9. Build relationships over time
You cannot expect to send a message and get a sale. A trusted network takes time to build and you need a minimum of seven exchanges to develop relationship. Once you have a connection and you have started communicating, remember to maintain it both directly via the reminder process but also by remaining active on LinkedIn as their various tools, algorithms and direct correspondence will keep you in the other members’ minds (for example, your face will appear in the news feed, your news may be shared via email).
10. Value your network
LinkedIn has given you the opportunity to connect and remain in contact with many people online, both directly and indirectly, in a way that many professionals feel is comfortable. Do not abuse that privilege. If you lose someone from your mailing list, you could invite them to connect with you on LinkedIn so that you can keep in touch in a professional sense. When you can, give something back, without expectation. You have received value, so consider providing some value back to the LinkedIn network.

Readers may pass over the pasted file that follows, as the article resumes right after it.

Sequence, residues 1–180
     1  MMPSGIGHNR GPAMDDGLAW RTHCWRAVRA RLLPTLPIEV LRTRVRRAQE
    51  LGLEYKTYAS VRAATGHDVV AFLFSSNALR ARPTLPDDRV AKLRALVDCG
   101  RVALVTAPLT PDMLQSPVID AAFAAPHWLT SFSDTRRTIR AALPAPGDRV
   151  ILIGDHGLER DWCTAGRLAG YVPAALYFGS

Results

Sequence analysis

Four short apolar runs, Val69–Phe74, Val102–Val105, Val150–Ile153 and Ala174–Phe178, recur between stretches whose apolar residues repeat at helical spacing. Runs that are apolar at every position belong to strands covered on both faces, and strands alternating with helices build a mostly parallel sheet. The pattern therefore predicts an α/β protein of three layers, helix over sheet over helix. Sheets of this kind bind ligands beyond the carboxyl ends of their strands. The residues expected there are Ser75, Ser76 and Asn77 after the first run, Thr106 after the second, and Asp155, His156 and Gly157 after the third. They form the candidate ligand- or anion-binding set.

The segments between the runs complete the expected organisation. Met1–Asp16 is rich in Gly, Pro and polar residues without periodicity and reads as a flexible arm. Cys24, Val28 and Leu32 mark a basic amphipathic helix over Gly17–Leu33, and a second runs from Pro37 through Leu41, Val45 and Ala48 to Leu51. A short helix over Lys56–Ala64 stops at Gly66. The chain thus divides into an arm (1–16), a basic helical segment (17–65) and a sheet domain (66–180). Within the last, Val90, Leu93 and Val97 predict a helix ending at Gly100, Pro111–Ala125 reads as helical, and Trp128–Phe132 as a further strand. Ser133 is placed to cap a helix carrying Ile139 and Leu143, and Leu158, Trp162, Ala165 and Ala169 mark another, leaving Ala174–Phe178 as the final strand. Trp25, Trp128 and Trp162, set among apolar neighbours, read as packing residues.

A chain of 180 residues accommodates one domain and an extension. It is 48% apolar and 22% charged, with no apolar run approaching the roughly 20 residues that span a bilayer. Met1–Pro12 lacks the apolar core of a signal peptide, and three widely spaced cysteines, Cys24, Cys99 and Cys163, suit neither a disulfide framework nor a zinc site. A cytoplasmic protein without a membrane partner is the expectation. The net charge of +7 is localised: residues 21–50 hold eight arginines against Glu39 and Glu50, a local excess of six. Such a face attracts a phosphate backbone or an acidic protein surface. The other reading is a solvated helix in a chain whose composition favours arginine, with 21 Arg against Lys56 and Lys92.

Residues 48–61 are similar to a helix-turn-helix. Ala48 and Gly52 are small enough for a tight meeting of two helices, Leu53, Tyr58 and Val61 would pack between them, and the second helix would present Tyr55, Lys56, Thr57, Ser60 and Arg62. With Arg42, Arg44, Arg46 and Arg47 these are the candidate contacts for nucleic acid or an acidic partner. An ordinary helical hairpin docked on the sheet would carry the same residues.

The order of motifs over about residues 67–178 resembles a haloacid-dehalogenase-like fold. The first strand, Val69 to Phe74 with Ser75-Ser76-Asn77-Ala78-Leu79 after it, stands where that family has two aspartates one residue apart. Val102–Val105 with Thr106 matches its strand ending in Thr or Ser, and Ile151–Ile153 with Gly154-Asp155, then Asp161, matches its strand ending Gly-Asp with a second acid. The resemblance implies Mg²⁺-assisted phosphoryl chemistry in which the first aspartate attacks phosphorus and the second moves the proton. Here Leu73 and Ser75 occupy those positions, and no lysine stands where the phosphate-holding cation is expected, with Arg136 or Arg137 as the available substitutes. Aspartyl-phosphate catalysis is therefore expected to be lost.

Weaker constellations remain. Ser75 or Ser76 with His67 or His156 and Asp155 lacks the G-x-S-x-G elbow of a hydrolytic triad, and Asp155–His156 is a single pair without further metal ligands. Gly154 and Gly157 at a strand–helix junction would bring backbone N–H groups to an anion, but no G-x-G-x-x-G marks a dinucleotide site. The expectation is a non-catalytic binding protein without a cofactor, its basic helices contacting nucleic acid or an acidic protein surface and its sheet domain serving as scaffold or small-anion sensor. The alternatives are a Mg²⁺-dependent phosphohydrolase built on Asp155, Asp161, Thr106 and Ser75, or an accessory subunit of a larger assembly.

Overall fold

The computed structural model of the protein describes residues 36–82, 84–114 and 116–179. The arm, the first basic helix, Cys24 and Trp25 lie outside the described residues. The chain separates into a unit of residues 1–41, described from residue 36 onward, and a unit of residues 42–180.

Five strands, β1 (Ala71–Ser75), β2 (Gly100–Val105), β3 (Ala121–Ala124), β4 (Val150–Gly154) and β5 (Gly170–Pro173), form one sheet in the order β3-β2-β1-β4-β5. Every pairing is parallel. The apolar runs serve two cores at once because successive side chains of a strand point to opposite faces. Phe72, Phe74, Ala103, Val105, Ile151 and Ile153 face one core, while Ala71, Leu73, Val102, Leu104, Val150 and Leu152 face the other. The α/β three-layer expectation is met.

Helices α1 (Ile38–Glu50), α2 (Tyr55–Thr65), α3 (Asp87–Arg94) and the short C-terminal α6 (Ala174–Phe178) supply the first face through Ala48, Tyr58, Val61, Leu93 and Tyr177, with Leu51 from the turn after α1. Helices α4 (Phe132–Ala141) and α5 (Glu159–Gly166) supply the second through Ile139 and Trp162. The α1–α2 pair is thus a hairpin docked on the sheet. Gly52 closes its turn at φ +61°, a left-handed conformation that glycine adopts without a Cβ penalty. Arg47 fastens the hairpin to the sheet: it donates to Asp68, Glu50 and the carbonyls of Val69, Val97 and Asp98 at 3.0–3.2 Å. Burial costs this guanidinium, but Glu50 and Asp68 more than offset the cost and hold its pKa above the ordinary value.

Out of the four main social media platforms where I have an online presence, I have found LinkedIn to be the most productive. I am a completely independent publisher of tips and information (no, LinkedIn did not ask me to write this!), but I truly believe that it provides enormous benefits to individuals and businesses, but if you are reading this, remember that you must remain authentic.
Social media has a way of democratising human behaviour – and if you try and outsmart it for negative purposes, it will only be a matter of time before you will have the wrath of other members who can choose to disconnect, unfollow or hide your updates. LinkedIn can also restrict spamming activity (thank goodness as not all of us have time to stop these annoying people).
As long as you remain authentic, long may you prosper!
#authentic #networking #LinkedIn #socialmedia
LinkedIn Profile, Statistics, ROI, Work, Career, Business, Relationship Building
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Sue Ellson BBus AIMM MAHRI CDAA (Assoc) ASA
Connect with me at http://au.linkedin.com/in/sueellson